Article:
Excuse Me For Staring
I could not help but stare, although I was taught from an early age that it was not polite. But sometimes I come across someone or, in this case something, that requires a longer look than the customary glance.
The young woman was standing in front of me in line at Walmart. She looked barely out of her teens. Her skin, that which was still visible, stood out starkly against the black ink that covered her body like one of those road maps we used to keep in the car.
I was trying to look inconspicuous while also attempting to understand the dark shadows that lined her neck, arms and torso. I guess it’s customary to wear a short top to show off the ink that probably cost a pretty penny to get. So I saw quite a bit of what I can only describe as a medieval looking comic book come to life on her body.
The workmanship was as good as it gets for tattooing, in my opinion. The coloring was all within the lines and the faces of some of the characters on her body looked pretty real.
The bad ink jobs are usually self-inflicted or performed by a well-meaning friend. I’ve noticed that placement of a tattoo is most important. No one wants a tattoo of a beautiful woman to later look like a wrinkled mess as they age.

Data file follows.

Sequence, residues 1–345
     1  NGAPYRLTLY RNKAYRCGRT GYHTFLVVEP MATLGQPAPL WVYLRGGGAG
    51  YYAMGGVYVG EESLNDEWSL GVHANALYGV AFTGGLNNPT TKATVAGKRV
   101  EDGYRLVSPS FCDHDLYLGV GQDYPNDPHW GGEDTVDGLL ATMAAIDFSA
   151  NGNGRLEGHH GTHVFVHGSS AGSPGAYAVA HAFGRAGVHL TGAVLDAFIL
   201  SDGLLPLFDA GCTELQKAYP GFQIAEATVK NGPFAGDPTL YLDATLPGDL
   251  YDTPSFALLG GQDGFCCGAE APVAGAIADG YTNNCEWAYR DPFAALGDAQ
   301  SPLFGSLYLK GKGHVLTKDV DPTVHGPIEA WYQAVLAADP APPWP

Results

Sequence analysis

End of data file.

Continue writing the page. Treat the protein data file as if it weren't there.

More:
I know lots of people who have tattoos, both men and women. Some of their ink jobs are quite the accomplishment, while others leave me wondering if alcohol and shaking hands played a role in their creations. Tattoo parlors are big business. Finding a good one usually happens by word of mouth or proper advertising.
Years ago, tattoos were sported mostly by military personnel, bikers’ clubs or gang members who wanted their personal insignias for all to see. Then the sleeve tattoos became popular among the prison crowd. That spilled over to the sports world where athletes displayed their interests and loyalties for all to see.
Today, anything goes. It’s no longer just the name of someone’s better half or a ship on which they sailed in the Navy. No, it’s more like the image of family member who has passed away or the face of someone’s favorite pet. It’s a very personal and often permanent decision.
Most of the women I know who have tattoos have dainty butterflies or angel wings, not barbed wire or spikes. And the smaller tattoos are usually on an ankle or shoulder. I have an adult niece whose neck, chest and arms have the most beautiful artwork in pastel and deep colors that match her bright pink hair so well. She is a walking masterpiece and the sweetest person I know.
I have never felt the urge or need to place a tattoo on my person. It’s not the needles or the pain of getting a tattoo. It’s just the idea of it being there forever. After all, I tend to change my mind about things like that. Even my favorite color has changed three times in my lifetime. The only ink I will ever know comes from a newspaper printing press.
Heather Ziegler can be reached via email at: firstname.lastname@example.org.